For the past 5-days we have been both geographically and physically high on altitude. In an effort to acclimatise, we scaled the side of a Volcano to 5500m just outside Sand Pedro in Chile. Small sections of snow made the ascent even more demanding, as the slightest struggle on the bikes would leave us gasping for breath. And while our KTM’s Electronic Fuel Injection kept the engines running clean throughout the altitude changes, they’d lost close to half of their horsepower by the time we’d reached the highest rideable point.
Before the sun set and the temperature dropped to minus 10, we made camp at 4500m. I never thought I’d ever require stamina to try and sleep, but it was a very difficult experience and a necessary test for our well being in Bolivia – where there’s no option to descend if one of us succumbs to altitude sickness.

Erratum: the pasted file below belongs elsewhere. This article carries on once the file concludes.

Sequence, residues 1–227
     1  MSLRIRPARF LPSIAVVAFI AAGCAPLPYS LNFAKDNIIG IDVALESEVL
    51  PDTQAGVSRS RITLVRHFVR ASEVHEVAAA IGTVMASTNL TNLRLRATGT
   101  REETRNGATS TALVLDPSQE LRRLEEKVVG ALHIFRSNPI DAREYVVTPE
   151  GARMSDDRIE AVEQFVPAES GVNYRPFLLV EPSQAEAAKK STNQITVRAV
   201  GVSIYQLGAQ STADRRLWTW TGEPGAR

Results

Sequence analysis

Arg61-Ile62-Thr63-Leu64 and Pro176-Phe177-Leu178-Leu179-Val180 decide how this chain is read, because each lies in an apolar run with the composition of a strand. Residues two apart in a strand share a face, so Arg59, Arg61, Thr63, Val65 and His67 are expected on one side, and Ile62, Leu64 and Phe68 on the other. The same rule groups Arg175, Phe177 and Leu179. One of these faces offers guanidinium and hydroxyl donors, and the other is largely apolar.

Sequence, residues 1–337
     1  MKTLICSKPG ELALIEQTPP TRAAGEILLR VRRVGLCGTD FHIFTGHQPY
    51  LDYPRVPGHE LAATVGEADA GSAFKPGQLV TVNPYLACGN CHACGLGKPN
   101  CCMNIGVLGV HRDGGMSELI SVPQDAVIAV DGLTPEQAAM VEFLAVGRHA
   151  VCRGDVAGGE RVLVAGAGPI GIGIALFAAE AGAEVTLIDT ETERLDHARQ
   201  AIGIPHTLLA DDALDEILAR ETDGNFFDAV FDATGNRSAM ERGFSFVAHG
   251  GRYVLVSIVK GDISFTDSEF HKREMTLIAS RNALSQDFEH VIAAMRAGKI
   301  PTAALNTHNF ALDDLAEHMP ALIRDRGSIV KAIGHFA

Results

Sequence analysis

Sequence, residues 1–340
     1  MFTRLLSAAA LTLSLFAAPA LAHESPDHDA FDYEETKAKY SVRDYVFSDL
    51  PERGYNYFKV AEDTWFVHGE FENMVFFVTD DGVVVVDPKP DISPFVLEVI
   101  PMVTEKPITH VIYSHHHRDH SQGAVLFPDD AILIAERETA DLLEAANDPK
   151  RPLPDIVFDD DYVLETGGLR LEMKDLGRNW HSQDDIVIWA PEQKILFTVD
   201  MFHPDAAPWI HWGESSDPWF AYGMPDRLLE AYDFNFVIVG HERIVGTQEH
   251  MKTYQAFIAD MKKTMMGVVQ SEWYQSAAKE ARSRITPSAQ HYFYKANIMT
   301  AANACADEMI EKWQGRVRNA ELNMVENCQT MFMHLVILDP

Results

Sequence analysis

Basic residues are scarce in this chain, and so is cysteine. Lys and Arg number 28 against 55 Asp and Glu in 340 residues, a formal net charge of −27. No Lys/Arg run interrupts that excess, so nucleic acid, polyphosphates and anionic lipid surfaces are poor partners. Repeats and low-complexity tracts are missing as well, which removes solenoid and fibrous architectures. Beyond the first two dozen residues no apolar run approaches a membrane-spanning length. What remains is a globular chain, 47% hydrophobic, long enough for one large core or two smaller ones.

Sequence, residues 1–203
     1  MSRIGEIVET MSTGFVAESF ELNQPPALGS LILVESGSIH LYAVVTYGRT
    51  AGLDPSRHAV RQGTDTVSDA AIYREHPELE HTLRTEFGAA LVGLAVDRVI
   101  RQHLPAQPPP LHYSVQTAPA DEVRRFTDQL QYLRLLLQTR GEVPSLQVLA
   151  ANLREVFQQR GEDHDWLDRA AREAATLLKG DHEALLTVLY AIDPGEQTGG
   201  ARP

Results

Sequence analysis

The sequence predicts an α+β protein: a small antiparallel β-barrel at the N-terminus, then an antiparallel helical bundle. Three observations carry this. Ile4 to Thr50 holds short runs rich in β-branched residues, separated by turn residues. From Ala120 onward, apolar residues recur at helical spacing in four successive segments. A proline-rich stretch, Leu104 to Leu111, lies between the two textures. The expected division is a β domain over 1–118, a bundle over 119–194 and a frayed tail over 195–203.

Crossing the border into Bolivia, we are now bound to a minimum altitude of 3800m, are travelling at an average altitude of 4500m and coping with minus 10˚ nights. Our plan was to ride the main route through the Volcanic Plateau and cross the great Salt Lake, I think it’s called Salar De Uyuni, but as it turns out, our bikes fuel range does not coincide with the available fuel stations. We had no option but to take a 200km Overland shortcut to Uyuni, navigating purely by compass and waypoint.
Now day 10, we are 3600km into the journey and have made it to La Paz, a city like nothing we’ve ever seen before. From here we’ll have a rest day and work out our return loop through the Bolivian Salt Lakes and onto Argentina. I’m thinking we’re going to have to buy extra fuel containers then try and convince one of the 4WD tour groups to carry them a few hundred kilometres for us. That, or strap them onto the bikes as sacrificial fuel cells. We’ll work it out, Hollis and Ports are loving it and ready for anything.
Just discovered MOTONOMAD? See the first two films here: